RESEARCH TRIANGLE PARK, N.C. — A study of the economic benefits of Global Positioning System (GPS) shows 10 key industries generated $1.4 trillion since GPS was made available for private-sector use in 1983. About 90 percent of this figure accrued after 2010.
The 10 private-sector industries measured include agriculture, electricity, finance, location-based services, mining, maritime, oil and gas, surveying, telecommunications and telematics.
The comprehensive study released today was conducted by RTI International (RTI), a nonprofit research institute, and commissioned by the National Institute of Standards and Technology (NIST).
“Hundreds of millions of users rely on GPS every day from people driving to some place new to multinational corporations coordinating complex logistics networks,” said Alan O’Connor, Director of Innovation Economics at RTI. “What is sometimes lost is the real economic benefits relating to GPS. Improved navigation reduces miles driven. We are still realizing the full potential of GPS functionality.”
In addition to discovering economic impacts, the study presents an analysis of the potential economic damages from a GPS outage, as well as federal activities and technology that helped the development and deployment of private-sector GPS use.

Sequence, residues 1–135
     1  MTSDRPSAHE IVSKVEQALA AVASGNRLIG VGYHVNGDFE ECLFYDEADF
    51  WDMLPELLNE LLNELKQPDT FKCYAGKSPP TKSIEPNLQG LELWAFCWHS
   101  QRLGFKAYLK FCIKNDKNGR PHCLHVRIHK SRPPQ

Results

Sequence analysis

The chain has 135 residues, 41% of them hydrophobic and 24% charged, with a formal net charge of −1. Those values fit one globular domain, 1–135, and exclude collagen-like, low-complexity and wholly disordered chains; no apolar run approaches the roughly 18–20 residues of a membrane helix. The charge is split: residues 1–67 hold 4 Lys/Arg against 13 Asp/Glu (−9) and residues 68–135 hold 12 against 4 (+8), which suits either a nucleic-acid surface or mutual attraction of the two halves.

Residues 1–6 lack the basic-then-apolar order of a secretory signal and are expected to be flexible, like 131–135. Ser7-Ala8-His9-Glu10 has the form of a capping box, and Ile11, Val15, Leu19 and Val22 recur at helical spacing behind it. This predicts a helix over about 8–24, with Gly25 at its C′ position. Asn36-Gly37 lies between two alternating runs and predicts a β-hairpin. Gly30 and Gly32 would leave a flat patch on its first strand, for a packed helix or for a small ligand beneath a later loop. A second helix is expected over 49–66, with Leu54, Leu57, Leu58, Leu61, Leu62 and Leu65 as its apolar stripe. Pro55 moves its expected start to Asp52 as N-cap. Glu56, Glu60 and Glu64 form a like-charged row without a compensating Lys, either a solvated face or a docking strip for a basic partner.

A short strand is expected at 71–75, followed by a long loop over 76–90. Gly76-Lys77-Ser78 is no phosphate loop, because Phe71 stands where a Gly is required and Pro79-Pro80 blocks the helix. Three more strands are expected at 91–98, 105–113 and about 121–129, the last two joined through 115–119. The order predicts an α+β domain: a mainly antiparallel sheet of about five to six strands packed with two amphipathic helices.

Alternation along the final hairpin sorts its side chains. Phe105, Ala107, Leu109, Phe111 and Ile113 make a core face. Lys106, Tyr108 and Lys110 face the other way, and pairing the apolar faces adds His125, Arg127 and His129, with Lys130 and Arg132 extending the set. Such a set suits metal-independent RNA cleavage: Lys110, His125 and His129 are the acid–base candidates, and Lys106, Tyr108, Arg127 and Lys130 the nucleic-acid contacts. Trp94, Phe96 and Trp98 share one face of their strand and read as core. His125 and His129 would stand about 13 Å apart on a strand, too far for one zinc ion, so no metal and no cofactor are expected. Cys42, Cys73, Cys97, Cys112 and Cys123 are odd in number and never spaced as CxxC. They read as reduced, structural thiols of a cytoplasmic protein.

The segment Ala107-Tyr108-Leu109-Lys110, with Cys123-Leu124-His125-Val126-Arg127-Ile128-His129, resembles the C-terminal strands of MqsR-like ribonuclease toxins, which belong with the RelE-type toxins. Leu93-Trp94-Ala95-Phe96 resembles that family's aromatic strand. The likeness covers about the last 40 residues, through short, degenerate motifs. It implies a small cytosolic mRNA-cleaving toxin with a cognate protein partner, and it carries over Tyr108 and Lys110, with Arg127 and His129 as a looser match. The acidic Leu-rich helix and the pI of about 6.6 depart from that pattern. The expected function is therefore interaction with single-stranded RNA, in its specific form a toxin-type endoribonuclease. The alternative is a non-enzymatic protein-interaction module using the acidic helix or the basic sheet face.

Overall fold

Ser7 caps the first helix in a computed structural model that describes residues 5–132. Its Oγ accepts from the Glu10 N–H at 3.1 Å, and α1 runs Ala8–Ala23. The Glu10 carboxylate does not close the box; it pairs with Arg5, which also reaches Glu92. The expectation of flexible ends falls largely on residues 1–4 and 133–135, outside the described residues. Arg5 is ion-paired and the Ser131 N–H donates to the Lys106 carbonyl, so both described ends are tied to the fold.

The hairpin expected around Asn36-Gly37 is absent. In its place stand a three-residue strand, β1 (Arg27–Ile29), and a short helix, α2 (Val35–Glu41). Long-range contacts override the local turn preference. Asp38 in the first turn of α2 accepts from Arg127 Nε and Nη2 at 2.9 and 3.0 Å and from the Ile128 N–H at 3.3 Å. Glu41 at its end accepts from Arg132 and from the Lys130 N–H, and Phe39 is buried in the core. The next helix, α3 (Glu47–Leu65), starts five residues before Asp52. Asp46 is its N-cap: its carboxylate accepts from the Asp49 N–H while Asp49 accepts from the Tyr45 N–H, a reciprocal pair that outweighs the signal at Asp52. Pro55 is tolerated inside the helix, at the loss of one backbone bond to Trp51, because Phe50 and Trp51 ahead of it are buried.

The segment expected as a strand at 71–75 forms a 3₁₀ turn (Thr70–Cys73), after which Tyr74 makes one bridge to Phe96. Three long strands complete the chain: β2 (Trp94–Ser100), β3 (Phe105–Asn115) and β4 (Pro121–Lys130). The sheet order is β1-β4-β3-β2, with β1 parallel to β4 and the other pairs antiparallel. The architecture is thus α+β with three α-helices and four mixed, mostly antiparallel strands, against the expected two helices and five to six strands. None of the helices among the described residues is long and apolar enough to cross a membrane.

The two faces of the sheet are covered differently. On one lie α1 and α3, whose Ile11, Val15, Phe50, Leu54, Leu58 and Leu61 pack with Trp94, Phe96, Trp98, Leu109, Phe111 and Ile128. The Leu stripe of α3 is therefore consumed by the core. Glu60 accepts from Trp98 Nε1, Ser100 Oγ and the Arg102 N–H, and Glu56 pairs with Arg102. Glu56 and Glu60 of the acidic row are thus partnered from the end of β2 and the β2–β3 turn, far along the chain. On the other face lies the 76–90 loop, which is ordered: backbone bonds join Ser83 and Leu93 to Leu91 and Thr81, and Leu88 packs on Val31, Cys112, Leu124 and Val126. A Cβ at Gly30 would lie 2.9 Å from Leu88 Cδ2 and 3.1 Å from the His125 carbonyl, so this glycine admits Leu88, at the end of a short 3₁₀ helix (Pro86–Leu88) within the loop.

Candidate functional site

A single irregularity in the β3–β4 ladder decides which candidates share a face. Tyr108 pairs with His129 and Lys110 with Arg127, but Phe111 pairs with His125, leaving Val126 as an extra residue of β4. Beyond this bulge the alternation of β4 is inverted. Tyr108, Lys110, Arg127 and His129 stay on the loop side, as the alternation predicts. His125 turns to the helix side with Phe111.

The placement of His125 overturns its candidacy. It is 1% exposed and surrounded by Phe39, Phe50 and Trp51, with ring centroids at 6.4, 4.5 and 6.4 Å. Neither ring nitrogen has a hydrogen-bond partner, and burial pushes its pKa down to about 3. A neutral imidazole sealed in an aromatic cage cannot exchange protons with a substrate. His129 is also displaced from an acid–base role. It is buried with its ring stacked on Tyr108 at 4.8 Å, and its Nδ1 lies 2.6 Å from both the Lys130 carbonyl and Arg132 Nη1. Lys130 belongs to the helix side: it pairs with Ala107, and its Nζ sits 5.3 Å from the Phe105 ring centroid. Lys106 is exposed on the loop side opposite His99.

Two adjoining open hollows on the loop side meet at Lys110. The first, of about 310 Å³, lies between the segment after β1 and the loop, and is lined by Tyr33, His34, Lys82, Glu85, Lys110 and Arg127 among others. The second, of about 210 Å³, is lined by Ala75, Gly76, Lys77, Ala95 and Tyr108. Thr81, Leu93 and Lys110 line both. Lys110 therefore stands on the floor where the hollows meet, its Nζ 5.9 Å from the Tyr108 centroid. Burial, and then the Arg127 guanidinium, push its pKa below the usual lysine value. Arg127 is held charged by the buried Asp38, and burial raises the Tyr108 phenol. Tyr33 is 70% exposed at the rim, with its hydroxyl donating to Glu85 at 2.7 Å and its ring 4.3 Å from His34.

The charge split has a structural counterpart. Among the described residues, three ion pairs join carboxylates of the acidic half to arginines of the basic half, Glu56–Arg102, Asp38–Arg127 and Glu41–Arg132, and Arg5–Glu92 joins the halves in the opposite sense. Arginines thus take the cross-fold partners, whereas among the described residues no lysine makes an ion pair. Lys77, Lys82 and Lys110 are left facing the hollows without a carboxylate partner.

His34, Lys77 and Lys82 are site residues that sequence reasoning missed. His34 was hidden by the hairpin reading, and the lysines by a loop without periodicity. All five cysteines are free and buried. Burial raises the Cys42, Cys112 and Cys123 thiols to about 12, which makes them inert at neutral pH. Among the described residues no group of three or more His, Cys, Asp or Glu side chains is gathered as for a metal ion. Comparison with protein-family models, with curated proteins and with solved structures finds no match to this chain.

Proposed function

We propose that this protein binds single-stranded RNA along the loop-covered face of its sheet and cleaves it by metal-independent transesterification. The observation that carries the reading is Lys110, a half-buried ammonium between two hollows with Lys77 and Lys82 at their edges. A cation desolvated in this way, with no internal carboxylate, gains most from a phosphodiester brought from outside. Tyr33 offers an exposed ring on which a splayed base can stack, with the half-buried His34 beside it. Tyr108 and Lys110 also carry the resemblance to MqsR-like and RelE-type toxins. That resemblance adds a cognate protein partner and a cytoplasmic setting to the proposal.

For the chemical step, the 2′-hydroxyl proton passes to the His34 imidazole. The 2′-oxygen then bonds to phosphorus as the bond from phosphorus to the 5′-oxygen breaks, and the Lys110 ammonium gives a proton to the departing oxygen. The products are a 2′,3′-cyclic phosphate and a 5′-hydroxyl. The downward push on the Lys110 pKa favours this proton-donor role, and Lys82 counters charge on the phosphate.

Though uncommon, a GPS outage could potentially have an economic impact of $1 billion a day. The study also found that economic impacts vary according to industry, time of year and point in the outage cycle. For example, if an outage occurred during critical planting seasons for farmers, the impact could be as high as $45 billion. To date, GPS outages have lasted less than one day.
“This study shows the substantial value the United States can create from its investment in research and development,” said Walter G. Copan, Under Secretary for of Commerce for Standards and Technology and NIST Director. “When GPS was made available for civilian use, no one could have imagined how much our economy and daily lives would come to depend on it. Today’s R&D has untold potential, which is why we must ensure that the Nation has effective policies and practices that support the efficient transfer of innovation from the lab to the market.”